Objective: This study compared the effects of group to individual prenatal care in late pregnancy and early postpartum on (1) women's food security and (2) psychosocial outcomes among food-insecure women.
Methods and results: We recruited 248 racially diverse, low-income, pregnant women receiving CenteringPregnancy™ group prenatal care (N = 124) or individual prenatal care (N = 124) to complete surveys in early pregnancy, late pregnancy, and early postpartum, with 84 % completing three surveys. Twenty-six percent of group and 31 % of individual care participants reported food insecurity in early pregnancy (p = 0.493). In multiple logistic regression models, women choosing group versus individual care were more likely to report food security in late pregnancy (0.85 vs. 0.66 average predicted probability, p < 0.001) and postpartum (0.89 vs. 0.78 average predicted probability, p = 0.049). Among initially food-insecure women, group participants were more likely to become food-secure in late pregnancy (0.67 vs. 0.35 individual care average predicted probability, p < 0.001) and postpartum (0.76 vs. 0.57 individual care average predicted probability, p = 0.052) in intention-to-treat models. Group participants were more likely to change perceptions on affording healthy foods and stretching food resources. Group compared to individual care participants with early pregnancy food insecurity demonstrated higher maternal-infant attachment scale scores (89.8 vs. 86.2 points for individual care, p = 0.032).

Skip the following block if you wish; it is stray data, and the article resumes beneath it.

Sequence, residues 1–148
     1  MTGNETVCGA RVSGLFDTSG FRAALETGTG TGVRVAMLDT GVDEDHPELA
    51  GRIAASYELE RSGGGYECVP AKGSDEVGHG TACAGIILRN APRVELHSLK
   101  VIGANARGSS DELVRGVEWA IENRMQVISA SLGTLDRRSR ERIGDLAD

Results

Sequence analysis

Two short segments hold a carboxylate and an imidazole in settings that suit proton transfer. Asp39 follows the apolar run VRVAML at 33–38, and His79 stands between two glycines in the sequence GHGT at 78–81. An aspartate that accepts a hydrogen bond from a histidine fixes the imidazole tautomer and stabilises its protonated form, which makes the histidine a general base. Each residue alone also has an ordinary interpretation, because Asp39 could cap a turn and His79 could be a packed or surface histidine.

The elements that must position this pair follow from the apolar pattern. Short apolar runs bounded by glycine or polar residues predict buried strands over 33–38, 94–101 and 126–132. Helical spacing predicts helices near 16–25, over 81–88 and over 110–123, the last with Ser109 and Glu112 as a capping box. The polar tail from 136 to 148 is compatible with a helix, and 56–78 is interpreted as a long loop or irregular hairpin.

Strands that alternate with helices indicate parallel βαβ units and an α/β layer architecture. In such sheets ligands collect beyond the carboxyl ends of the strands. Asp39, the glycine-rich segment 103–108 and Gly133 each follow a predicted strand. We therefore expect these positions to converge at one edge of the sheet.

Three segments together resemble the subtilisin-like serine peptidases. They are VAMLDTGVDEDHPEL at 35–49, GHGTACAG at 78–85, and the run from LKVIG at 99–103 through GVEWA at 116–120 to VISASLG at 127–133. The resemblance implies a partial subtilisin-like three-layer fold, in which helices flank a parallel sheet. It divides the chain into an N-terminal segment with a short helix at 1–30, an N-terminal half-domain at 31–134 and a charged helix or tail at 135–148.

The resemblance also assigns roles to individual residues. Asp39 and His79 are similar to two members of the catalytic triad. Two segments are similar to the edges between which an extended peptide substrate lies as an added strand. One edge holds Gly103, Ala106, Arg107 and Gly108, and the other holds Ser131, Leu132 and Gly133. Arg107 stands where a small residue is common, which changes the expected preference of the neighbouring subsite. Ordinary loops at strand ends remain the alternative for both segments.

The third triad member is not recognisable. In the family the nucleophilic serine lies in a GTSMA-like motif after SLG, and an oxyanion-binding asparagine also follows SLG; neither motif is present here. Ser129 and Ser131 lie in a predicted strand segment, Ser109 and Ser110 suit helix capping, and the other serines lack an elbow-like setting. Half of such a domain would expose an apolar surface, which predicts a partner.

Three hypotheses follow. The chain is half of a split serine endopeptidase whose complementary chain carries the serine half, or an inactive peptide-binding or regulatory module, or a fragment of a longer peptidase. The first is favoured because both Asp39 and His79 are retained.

Conclusions: Group prenatal care provides health education and the opportunity for women to share experiences and knowledge, which may improve food security through increasing confidence and skills in managing household food resources. Health sector interventions can complement food assistance programs in addressing food insecurity during pregnancy.
Keywords: CenteringPregnancy; Food insecurity; Group prenatal care; Pregnancy; Prenatal care.